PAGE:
Industry members continue to highlight the issues around conducting welding repairs on materials that are conventionally considered un-weldable. The associated cost of scraping parts is considerable from both a material and fabrication cost stand-point. The economic benefit gained by improved fabrication and repair procedures for both aero engines and industrial gas turbines is substantial, with savings to be made from repair of both high and intermediate pressure gas turbine blades made from nickel superalloys that could amount to several million pounds per set.
- Develop a procedure combining a state of the art TIG welding system utilizing HF pulsing, with optimised forced cooling for repairing of nickel based super alloys
- Perform multi-stage trials to eliminate weld or post-weld heat treatment cracking of Mar-M247 weld build-ups
- Demonstrate repair procedure on example component and perform metallurgical analysis to demonstrate capability of repair
The proposed project supports one of AFWE’s key technology strands, related to the advancement of Tungsten Inert Gas (TIG) for repair of nickel superalloys. The initial aim is to establish the state-of-the-art in the repair of cast and/or single crystal materials, to drive the future direction of research. This knowledge will be used to develop potential solutions to the on-going problem of conducting weld repairs on difficult to weld materials such as Inconel 713 and Mar-M 247.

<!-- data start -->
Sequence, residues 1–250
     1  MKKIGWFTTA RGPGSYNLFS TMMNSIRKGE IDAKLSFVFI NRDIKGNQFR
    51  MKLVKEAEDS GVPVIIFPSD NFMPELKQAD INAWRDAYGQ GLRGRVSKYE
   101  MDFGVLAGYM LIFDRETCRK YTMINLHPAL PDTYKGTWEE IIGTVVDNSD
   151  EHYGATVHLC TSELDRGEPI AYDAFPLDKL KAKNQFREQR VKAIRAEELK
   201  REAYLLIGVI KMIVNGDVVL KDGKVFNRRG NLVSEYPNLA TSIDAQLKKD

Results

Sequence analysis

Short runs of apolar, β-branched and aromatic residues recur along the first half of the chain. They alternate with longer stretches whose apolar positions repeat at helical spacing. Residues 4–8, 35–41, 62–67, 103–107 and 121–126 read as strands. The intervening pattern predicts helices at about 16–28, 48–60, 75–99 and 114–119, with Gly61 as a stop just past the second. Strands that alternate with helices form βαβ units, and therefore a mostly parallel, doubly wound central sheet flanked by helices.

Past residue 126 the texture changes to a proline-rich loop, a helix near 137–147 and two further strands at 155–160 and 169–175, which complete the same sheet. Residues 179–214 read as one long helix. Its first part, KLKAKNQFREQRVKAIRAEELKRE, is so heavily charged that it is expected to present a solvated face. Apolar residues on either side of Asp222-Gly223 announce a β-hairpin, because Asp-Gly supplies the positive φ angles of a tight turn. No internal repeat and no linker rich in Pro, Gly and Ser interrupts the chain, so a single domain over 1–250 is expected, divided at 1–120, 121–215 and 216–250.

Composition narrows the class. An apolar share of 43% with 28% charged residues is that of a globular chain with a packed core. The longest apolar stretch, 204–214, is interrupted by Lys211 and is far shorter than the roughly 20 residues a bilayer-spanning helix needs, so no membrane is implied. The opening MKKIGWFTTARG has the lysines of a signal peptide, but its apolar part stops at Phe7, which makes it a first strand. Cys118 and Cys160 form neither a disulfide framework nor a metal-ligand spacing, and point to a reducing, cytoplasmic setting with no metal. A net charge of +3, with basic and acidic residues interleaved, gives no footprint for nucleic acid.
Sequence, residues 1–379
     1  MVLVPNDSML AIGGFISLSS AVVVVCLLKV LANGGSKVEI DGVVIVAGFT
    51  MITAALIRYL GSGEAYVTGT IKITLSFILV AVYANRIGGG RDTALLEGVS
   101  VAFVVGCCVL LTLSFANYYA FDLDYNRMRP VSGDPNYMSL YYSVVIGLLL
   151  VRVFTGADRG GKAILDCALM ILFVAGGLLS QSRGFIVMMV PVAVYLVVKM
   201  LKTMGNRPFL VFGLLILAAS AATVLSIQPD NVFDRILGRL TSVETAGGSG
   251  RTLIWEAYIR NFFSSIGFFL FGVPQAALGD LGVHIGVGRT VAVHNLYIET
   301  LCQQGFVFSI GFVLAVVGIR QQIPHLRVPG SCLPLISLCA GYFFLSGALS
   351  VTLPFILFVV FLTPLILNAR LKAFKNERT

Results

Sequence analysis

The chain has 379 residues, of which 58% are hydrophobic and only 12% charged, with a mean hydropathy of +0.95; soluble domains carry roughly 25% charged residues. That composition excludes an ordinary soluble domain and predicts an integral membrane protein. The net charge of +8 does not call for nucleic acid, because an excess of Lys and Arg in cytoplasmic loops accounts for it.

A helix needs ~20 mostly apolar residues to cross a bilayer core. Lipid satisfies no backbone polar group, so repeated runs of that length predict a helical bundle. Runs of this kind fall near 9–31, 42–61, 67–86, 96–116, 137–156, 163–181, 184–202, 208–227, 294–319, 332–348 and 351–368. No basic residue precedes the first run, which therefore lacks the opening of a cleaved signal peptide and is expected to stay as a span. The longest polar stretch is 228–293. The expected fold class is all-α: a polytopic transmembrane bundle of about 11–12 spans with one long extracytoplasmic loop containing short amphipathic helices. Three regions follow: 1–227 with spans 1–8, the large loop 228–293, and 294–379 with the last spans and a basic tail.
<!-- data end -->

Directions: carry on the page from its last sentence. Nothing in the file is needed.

From a process and industry sector perspective, this relates to advancement of techniques and knowledge in the application of high quality (TIG/Plasma) arc welding processes, predominantly used in Aerospace applications.
The project will examine several variants of the TIG process – (high frequency) pulsed/AC TIG, and forced cooling – for weld repair of several alloys where cracking has been identified as an on-going problem.
Relevant Industry Sectors